“The Duke shared with Her Majesty a high view of what humanity can achieve through cooperation and working together. His questioning mind and sense of adventure, combined with an engaging informality and forthrightness, enabled him to communicate huge positivity and faith as to what could be achieved through individual and international connection.

“His Royal Highness had experienced camaraderie and comradeship during World War II and service in the Royal Navy. Following his marriage in 1947, he sought out ways of bringing this spirit to the institutions and organisations of the Commonwealth, so that they would reap the dividends of collaboration in peacetime too – including for remote and marginalised communities.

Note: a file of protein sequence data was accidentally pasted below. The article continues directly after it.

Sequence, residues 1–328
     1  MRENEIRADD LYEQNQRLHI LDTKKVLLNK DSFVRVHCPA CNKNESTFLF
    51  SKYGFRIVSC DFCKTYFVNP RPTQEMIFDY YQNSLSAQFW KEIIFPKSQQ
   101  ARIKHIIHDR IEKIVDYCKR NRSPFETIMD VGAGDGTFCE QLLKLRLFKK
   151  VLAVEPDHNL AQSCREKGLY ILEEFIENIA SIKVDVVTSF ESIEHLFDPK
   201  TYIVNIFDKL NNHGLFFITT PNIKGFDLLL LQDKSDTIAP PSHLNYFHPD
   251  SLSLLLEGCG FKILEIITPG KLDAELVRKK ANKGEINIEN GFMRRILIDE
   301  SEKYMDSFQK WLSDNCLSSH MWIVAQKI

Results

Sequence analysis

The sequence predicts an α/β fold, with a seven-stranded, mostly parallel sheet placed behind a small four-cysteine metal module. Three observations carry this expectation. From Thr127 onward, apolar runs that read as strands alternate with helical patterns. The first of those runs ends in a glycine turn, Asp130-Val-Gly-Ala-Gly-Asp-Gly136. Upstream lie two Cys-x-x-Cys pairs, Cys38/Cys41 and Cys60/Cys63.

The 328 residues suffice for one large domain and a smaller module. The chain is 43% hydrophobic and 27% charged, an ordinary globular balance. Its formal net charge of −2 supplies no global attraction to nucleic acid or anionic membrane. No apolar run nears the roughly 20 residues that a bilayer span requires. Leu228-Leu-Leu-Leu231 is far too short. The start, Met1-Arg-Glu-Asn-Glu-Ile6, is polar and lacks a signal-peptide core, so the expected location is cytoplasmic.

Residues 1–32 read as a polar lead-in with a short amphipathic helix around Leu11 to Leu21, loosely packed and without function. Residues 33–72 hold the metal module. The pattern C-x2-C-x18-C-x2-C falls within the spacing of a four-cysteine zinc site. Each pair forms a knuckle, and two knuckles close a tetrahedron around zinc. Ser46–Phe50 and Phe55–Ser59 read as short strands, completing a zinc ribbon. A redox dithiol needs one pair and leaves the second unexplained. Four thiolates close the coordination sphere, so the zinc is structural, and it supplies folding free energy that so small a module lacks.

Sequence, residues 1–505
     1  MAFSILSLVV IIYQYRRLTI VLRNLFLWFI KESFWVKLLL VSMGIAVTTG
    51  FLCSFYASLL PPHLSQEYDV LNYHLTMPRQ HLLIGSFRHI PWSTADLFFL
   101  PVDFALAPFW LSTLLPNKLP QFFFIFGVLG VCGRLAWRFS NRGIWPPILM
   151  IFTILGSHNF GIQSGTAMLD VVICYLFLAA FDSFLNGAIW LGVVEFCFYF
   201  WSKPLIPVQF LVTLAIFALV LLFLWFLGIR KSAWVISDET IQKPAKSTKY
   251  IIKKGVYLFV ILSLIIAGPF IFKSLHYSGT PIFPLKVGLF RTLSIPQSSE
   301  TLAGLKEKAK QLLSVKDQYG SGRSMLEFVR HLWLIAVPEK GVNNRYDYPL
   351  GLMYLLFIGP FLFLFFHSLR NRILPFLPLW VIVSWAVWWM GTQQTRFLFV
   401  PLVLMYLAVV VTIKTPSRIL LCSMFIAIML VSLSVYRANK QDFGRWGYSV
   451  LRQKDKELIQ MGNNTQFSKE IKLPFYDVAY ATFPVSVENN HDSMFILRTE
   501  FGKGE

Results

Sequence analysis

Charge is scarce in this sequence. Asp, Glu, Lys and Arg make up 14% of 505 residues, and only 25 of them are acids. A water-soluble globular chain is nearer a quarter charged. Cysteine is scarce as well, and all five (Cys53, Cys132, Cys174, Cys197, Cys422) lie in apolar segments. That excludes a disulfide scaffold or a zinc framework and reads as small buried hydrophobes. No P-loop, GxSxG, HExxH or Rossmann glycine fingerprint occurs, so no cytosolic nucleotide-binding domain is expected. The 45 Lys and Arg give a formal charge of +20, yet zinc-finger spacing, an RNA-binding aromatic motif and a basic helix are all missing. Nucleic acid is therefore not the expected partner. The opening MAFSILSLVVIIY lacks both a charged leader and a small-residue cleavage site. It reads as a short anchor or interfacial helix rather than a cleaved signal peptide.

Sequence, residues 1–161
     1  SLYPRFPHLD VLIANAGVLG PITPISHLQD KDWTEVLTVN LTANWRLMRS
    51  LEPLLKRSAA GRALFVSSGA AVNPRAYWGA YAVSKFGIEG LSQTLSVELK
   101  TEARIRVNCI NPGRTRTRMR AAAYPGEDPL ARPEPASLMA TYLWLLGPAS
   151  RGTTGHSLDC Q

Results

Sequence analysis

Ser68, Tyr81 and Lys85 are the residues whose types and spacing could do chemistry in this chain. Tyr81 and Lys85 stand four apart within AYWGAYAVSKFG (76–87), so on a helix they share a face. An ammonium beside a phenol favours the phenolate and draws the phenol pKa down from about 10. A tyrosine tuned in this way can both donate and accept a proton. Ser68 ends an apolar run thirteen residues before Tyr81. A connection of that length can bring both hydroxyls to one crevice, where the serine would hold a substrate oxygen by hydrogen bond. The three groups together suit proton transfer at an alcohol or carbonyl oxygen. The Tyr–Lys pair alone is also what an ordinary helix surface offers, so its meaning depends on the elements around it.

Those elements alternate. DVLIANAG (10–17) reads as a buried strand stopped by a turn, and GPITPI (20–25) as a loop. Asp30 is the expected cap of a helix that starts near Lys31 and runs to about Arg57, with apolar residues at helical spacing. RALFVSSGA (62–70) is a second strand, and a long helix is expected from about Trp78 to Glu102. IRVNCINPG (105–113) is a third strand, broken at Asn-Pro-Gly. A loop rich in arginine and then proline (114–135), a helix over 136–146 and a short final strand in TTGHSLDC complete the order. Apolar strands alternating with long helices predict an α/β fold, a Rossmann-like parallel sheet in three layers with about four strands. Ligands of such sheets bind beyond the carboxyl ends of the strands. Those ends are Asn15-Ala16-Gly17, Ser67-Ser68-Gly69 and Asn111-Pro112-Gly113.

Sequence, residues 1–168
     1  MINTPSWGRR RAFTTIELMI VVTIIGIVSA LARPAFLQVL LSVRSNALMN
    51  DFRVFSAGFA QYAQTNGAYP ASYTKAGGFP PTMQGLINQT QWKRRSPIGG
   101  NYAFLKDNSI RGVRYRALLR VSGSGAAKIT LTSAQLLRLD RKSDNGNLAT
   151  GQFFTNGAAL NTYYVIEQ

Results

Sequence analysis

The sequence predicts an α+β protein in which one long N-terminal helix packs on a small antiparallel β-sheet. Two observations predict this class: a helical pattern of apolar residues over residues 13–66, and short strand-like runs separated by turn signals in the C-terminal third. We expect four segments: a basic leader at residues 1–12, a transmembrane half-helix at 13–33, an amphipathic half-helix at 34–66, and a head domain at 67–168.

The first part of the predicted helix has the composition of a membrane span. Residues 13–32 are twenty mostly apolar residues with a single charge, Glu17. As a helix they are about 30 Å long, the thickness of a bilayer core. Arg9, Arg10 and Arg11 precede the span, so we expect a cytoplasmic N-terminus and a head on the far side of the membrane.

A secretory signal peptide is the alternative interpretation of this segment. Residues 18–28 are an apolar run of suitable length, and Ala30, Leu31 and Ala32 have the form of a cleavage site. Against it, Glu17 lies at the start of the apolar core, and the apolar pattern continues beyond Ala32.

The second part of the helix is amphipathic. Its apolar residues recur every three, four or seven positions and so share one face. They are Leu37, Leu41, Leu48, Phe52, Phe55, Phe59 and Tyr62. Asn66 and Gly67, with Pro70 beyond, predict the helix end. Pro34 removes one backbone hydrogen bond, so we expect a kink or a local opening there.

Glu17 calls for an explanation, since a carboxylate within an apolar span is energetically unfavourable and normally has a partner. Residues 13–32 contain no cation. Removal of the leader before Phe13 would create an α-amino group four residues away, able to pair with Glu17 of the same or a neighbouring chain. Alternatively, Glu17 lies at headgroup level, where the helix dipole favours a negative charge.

“It was the Duke who in 1952, during their stay in Kenya en route to Australia and New Zealand, gave Princess Elizabeth the sad news that her father King George VI had died, and that she was Queen.

“Their Coronation tour of the Commonwealth in 1953, during which they covered 40,000 miles, took place in a world far less connected than it is today by swift travel and instant communications technology.

“At the time of her coronation, the Queen and Duke of Edinburgh were tremendously glamorous and remarkably young. They symbolised hope for the future, and the spirit of goodwill and optimism rooted in a sense of belonging together as members of a worldwide family – not just of nations, but of people.

“Their tours were important expressions of Commonwealth inclusiveness, bringing together countries and communities which – although far apart on the map – were made to feel close because of shared inheritances and their continuing Commonwealth identity, made real in a special way through the physical presence of The Queen and the Duke.